Part of your responsibility as a Virginia dog owner is to protect your dog against life-threatening diseases. Thankfully, science and research have found ways to protect your dog from danger through vaccinations. Why are dog vaccinations necessary? First of all, vaccines are designed to strengthen your dog’s immune system. This means that when disease-causing organisms enter your dog’s body, it will be able to defeat them. In that way, your dog will not catch the disease. These vaccines work by stimulating your dog’s immune system and enable it to recognize harmful antigens. When your dog is vaccinated, the antigen won’t be able to cause major damage to your dog’s health.
What Are Core and Non-Core Pup Vaccinations?
Core dog vaccinations are vaccinations that are crucial to all dogs based on the severity of the disease, risk of exposure, and the risk of transmission to other animals. Examples of core vaccinations considered vital by the American Animal Hospital Association’s Canine Task Force include rabies, hepatitis, canine distemper, and canine parvovirus. Lyme vaccine, leptospirosis, canine influenza or dog flu, and Bordetella are considered non-core vaccines. Albeit the non-core vaccines are not included in the list of core dog vaccinations they are still important to protect your dog against infectious diseases.
Almost all states require dogs to get rabies vaccinations. However, the time frames to get these vaccinations are not the same for all states. In California, they recommend giving puppy rabies vaccines when the pup has reached 16 weeks. It must not be given earlier than that. The efficacy of this vaccine is only good for 12 months. As for adult dogs, the longevity of the vaccine is good for 36 months.
The vaccines are administered depending on several factors like lifestyle, travel habits, environment, medical history, and age. This is why you must talk to your veterinarian about these vaccines, what are they for and when should they be given.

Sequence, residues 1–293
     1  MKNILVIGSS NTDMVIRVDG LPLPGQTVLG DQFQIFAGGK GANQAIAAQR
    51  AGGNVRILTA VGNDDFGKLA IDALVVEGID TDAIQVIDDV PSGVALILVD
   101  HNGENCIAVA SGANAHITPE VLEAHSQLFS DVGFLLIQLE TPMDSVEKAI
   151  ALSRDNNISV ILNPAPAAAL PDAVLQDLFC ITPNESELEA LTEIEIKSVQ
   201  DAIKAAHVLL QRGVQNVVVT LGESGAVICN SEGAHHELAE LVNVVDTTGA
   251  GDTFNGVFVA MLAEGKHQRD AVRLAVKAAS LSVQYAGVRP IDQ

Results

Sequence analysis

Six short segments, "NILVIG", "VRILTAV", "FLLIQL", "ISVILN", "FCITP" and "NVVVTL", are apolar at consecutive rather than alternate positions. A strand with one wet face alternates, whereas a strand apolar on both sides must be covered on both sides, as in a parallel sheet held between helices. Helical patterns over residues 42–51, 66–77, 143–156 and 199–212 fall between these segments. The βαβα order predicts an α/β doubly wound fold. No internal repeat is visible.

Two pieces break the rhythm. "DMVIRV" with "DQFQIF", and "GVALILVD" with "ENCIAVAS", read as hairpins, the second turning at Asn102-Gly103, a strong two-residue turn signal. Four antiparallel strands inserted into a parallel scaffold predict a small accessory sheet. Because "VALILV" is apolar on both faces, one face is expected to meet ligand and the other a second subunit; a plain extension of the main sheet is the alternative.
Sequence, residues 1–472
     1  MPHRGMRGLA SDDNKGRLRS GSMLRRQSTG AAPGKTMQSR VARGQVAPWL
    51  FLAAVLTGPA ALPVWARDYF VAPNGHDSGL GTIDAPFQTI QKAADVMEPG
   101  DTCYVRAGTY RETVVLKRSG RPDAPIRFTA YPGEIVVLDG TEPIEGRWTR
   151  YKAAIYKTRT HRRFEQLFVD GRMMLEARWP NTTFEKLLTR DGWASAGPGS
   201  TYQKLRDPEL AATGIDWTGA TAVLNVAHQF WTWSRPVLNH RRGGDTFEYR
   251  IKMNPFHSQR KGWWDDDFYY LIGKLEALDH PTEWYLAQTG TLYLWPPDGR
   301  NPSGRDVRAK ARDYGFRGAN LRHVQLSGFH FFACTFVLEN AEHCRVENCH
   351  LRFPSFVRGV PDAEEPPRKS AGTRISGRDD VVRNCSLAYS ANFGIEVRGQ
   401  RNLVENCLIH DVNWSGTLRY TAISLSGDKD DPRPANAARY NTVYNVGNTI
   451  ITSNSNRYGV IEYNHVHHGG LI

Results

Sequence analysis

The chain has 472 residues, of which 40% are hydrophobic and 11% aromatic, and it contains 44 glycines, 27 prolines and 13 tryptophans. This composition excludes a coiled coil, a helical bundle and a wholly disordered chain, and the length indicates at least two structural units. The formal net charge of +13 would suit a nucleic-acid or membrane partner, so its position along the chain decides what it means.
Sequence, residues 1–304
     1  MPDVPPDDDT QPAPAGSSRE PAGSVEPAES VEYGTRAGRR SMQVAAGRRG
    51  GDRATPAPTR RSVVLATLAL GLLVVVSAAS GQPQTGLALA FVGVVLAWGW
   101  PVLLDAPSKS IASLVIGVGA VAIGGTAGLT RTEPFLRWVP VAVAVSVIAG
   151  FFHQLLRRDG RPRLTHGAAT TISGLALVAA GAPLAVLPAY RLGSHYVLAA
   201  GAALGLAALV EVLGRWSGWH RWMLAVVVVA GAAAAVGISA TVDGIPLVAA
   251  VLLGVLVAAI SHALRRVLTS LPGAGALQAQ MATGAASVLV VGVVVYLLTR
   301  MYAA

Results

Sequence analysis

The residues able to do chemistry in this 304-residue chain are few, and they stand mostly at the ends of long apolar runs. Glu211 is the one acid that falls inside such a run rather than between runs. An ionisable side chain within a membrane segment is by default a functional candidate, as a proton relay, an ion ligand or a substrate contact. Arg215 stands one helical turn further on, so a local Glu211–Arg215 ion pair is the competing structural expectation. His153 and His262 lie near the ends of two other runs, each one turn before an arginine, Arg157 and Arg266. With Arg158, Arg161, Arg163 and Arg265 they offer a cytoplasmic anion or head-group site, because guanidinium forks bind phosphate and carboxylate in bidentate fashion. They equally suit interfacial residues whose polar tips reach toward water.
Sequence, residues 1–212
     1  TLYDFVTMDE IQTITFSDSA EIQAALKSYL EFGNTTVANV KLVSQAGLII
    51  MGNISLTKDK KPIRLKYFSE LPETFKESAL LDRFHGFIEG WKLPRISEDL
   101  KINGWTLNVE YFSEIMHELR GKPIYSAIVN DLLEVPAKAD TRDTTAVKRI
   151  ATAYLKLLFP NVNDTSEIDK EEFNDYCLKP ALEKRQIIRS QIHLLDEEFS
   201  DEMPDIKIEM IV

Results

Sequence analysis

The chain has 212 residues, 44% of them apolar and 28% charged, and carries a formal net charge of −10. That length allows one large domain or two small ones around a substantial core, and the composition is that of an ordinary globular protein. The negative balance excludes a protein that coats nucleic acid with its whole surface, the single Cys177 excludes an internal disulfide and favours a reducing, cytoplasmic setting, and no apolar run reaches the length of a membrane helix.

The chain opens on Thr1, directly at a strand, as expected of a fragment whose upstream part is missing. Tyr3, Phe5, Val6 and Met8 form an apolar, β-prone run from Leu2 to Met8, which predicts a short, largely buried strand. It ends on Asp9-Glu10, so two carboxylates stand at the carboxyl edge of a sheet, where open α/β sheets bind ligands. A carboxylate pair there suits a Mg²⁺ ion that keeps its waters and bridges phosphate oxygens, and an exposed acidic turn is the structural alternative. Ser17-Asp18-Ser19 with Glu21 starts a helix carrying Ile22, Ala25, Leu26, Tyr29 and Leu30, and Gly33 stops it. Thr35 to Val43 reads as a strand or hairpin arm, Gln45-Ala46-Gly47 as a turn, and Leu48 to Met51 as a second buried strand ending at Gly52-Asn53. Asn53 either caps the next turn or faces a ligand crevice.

When Should You Start Vaccinating Your Dog?
Ideally, you should start vaccinating your pup as soon as you have it. That should be between 6 to 8 weeks and then followed by vaccines every 3 weeks until your dog is 4 months old where it will get the final dose of vaccine. If the mother of the pup is healthy and has a strong immune system, the pup will likely get the antibodies through breast milk while it’s nursing. When the pup is weaned, you should start the vaccinations.
What Is the Schedule for Vaccination?
When your pup is between 6 to 10 weeks, it should receive DHPP and Kennel Cough. By the time your pup reaches 11 to 14 weeks, it should receive DHPP, Canine Influenza, Lyme Disease, and Leptospirosis. By 15 to 16 weeks, your pup should get rabies, Lyme Disease, Canine Influenza, DHPP, and Leptospirosis. Lyme disease and canine influence are only given base on your pup’s lifestyle. DHPP stands for distemper, hepatitis, parvovirus, and parainfluenza.
You should always update your pup’s vaccine schedule. Adhering to the schedule is your responsibility as a pet owner.
Are There Side Effects and Risks Involved?
If you think about it, vaccines offer more benefits than risks. If ever dogs experience adverse reactions due to the vaccine, it would be very rare. Nevertheless, side effects can happen just like any other form of medication. Our suggestion is you have your pup vaccinated at a time when you will be there to monitor your dog for signs and symptoms of adverse reactions. Examples of adverse reactions include loss of appetite, vomiting, fever, facial or paw swelling, sluggishness, pain and swelling around the site of injection, collapse, and diarrhea. You can ignore mild symptoms because they usually subside in a couple of days. However, if your dog manifests severe reactions to the vaccine such as lethargy and persistent vomiting, call your veterinarian ASAP.